On Wednesday, the UN Security Council sat to consider a proposal by Secretary-General Ban Ki-Moon to expand the Amisom force strength. If Mr Ki-Moon gets his wish, Amisom could grow from the approved force of 12,000 to 20,000, the standard required of a UN peacekeeping mission.
On the same day, the World Bank Group working closely with Norway, Turkey, and the United Kingdom; the African Union; the European Union; the United Nations and the Corporate Council on Africa hosted a donor conference that will eventually fund the start-up nation of South Sudan. Since 2005, this donor group has funded South Sudan to the tune of $540 million.
Now billions of dollars are needed urgently to pull Africa's newest nation from the brink of crisis. The African Development Bank has also been in discussions about funding the reconstruction of South Sudan. A similar effort is also underway for the reconstruction of Somalia.
In the same week, the European Union offered $1.2 million that will be used to help efforts by Uganda's military and American special forces hunt for the fugitive warlord Joseph Kony.
On the diplomatic front, two weeks ago, Mr Ki-Moon and the President of the UN General Assembly, Qatar's Nassir Abdulaziz Al Nasser made a brave visit to the Somalia capital Mogadishu, and pressed the flesh with Transitional Federal Government (TFG) leaders.
Ki-Moon and Al Nasser were the most high profile international diplomats to visit Somalia in over 20 years and their stop was seen as an early Christmas present for the fledgling TFG, and a boost for the African Union peacekeeping effort AMISOM.
In recent months, AMISOM has pushed the Al Shabaab out of all the 16 districts of Mogadishu, unifying the capital under the authority of one government for the first time since 1991.
However, there were concerns that AMISOM's gains could be threatened by Uganda increasing attention to old enemies -- the regrouping of the anti-Kampala Lord's Resistance Army (LRA) and other once-defeated Uganda rebel groups in eastern DR Congo.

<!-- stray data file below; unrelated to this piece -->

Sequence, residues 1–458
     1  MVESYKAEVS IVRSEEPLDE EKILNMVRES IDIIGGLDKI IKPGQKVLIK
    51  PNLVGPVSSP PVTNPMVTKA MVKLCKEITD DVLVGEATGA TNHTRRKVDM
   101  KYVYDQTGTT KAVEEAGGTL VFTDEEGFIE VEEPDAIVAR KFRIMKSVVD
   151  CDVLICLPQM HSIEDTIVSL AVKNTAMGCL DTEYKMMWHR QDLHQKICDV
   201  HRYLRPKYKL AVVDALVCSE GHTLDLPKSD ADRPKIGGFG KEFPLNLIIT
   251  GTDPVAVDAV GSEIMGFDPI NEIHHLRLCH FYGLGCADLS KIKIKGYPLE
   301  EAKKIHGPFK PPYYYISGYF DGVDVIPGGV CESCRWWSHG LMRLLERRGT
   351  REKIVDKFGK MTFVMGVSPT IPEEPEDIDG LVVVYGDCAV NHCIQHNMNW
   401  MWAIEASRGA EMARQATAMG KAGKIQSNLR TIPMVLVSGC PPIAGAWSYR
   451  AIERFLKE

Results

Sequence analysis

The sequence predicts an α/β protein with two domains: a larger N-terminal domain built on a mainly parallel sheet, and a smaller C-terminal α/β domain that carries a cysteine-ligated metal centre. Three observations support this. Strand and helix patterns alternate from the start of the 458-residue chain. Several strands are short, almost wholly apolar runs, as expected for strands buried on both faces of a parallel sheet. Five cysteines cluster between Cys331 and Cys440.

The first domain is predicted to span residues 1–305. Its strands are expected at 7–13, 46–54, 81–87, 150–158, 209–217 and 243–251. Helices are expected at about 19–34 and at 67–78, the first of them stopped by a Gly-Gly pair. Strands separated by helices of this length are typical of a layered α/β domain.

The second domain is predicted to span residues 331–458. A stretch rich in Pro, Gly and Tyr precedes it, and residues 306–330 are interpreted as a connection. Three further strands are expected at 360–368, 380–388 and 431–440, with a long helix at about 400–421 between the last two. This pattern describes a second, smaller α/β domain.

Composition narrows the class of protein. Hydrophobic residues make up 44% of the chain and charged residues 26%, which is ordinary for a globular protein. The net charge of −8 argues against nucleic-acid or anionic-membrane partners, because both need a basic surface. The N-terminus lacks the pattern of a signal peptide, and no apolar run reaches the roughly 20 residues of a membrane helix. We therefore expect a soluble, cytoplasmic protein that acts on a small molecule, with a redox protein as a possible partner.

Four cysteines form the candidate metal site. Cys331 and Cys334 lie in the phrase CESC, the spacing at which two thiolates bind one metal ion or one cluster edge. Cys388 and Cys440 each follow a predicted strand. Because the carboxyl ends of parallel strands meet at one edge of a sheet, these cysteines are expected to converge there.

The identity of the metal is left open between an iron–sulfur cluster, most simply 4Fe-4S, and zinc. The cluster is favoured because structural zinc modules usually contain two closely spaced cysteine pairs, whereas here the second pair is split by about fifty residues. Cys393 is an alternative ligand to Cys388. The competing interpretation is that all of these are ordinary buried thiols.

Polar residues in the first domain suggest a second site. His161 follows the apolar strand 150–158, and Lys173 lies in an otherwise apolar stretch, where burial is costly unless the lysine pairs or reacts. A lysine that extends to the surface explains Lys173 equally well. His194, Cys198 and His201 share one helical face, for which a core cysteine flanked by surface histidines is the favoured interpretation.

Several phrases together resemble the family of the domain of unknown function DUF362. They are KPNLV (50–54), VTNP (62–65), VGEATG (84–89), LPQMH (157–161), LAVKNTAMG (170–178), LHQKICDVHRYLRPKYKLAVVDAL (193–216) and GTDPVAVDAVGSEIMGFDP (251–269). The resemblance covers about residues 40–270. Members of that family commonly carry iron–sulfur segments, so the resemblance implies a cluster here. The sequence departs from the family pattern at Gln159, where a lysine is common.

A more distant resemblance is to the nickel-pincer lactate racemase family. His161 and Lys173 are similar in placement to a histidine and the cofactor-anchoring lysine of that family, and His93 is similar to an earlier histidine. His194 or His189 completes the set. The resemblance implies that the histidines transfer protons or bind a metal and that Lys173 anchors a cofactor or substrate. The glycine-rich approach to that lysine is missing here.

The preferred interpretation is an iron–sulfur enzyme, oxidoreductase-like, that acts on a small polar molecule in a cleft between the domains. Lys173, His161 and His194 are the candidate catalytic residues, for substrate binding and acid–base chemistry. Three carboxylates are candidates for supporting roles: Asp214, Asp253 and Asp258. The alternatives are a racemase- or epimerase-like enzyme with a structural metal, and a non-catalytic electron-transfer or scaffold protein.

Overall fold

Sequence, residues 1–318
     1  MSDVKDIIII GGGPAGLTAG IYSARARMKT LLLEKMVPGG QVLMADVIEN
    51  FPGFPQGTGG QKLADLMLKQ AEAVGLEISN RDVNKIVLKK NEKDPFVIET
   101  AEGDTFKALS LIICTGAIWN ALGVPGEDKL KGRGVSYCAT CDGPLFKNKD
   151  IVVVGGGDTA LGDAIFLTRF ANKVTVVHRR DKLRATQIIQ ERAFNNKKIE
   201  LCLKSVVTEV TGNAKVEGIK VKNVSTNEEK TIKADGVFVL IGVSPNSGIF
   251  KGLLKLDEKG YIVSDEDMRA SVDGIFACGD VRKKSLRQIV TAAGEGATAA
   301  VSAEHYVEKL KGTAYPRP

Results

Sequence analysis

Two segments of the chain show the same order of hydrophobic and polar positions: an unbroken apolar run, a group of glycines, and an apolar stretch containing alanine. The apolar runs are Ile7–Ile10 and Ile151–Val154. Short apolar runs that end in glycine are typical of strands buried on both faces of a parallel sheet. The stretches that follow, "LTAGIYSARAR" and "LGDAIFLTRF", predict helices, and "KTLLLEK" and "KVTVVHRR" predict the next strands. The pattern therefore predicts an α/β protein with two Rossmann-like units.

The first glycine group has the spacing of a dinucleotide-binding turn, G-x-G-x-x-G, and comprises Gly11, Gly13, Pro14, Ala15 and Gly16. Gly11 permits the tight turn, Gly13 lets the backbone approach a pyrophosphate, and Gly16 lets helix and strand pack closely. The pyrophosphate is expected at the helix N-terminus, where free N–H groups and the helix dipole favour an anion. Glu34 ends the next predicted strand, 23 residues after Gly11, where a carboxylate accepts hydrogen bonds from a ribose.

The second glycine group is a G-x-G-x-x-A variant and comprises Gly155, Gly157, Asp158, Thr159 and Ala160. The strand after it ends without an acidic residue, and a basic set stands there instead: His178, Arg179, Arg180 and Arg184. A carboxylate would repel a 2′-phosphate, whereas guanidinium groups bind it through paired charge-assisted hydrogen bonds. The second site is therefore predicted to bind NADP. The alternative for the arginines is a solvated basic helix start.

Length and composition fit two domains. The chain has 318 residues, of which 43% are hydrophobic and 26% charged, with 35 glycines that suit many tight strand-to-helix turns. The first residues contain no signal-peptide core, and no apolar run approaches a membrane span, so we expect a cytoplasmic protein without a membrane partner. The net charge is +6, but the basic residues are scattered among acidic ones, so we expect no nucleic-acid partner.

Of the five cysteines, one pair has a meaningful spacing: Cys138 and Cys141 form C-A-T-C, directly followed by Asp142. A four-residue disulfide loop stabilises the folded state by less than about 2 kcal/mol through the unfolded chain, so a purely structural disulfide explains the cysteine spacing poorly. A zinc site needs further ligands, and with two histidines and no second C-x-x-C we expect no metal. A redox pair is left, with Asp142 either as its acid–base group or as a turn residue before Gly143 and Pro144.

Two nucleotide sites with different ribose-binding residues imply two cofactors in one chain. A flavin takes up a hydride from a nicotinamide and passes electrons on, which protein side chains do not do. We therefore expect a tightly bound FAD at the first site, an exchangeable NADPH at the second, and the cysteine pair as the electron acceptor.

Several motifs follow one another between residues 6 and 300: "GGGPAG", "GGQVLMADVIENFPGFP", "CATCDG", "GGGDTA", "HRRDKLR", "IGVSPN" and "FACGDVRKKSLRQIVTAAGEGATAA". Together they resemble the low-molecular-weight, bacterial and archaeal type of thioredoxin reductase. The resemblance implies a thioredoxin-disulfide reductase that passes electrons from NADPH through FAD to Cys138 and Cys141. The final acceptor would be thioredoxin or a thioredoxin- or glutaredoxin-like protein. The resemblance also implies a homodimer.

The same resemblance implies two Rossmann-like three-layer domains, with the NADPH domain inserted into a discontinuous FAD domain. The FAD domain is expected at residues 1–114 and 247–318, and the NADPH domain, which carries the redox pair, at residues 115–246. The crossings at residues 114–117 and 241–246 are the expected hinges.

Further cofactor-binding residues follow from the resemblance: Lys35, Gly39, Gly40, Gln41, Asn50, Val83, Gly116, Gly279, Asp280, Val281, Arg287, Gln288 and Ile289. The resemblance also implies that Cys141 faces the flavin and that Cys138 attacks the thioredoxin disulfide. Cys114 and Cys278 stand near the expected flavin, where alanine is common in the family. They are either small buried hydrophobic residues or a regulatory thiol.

Uganda and Burundi are the only two countries that have contributed troops to AMISOM so far, with Uganda providing the most. Diplomatic sources told The East- African that they were "picking up signals that Uganda was about to send a large force into eastern DR Congo." According to our sources, Uganda was "weeks, if not days away," from reopening a front in DR Congo. Not only were there concerns that that would distract it from Somalia, but some diplomats are also worried that a messy campaign inside DR Congo would rob Kampala of the moral authority to remain in a peacekeeping mission.
Other sources told The EastAfrican that the flare up of fighting between (north) Sudan and South Sudan, and the eruption of communal violence in parts of the South, threw up the worst nightmare many governments had had about South Sudan Independence -- a new state that fails on arrival.
One of the most lethal instruments that Sudan has to destabilise the South is the LRA, which for years was a proxy force for Khartoum, which it used to punish Uganda for its support for the SPLA.
The hawks in the Uganda military and intelligence still maintain that the LRA is being kept alive by the Omar Al Bashir regime. It was probably no surprise then, that two weeks ago Uganda's President Yoweri Museveni became the first regional leader to warn Khartoum to "back off" South Sudan.
With these developments, the fluid situation in eastern DR Congo and the rumbles at the Ugandan border; the upsurge of violence in Sudan; and peace in Somalia, became joined by one thread.
In October US President Barack Obama sent 100 Special Forces to Uganda to help it combat the LRA in eastern DR Congo and the Central Africa Republic, the wide swathe in which the highly mobile and murderous Kony army operates.
Media reports indicate that the US Special Forces and the Uganda People's Defence Forces (UPDF) are setting up a base camp near the confluence of the South Sudan/DRC/Uganda border to pursue Kony. A security analyst in Kampala told The East African that; "If any deep links are established between the LRA and Khartoum, then we should not be surprised if the US role grew to address 'Sudan's subversive' role too."
In recent weeks, Khartoum has become an irritant. Last month, Navi Pillay, the UN's High Commissioner for human rights, called for an "independent, thorough and credible investigation" into allegations that Sudan's air force had bombed a refugee camp in South Sudan.
"If indeed it is established that an international crime or serious human rights violation has been committed, then those responsible should be brought to justice," Pillay said.